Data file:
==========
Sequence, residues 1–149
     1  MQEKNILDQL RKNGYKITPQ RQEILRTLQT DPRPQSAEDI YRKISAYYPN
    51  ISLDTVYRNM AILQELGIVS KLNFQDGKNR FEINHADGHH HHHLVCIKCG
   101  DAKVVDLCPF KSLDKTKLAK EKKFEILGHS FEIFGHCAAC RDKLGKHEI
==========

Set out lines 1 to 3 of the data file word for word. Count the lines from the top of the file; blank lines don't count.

Sequence, residues 1–149
     1  MQEKNILDQL RKNGYKITPQ RQEILRTLQT DPRPQSAEDI YRKISAYYPN
    51  ISLDTVYRNM AILQELGIVS KLNFQDGKNR FEINHADGHH HHHLVCIKCG